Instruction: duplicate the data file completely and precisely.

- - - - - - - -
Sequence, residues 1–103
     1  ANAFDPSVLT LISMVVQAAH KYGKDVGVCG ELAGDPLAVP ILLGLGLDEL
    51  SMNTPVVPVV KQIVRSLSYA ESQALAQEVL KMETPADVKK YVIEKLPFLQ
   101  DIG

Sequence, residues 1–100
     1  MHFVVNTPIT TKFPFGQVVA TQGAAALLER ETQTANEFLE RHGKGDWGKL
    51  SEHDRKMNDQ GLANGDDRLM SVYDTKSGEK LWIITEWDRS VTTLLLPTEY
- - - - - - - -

Sequence, residues 1–103
     1  ANAFDPSVLT LISMVVQAAH KYGKDVGVCG ELAGDPLAVP ILLGLGLDEL
    51  SMNTPVVPVV KQIVRSLSYA ESQALAQEVL KMETPADVKK YVIEKLPFLQ
   101  DIG

Sequence, residues 1–100
     1  MHFVVNTPIT TKFPFGQVVA TQGAAALLER ETQTANEFLE RHGKGDWGKL
    51  SEHDRKMNDQ GLANGDDRLM SVYDTKSGEK LWIITEWDRS VTTLLLPTEY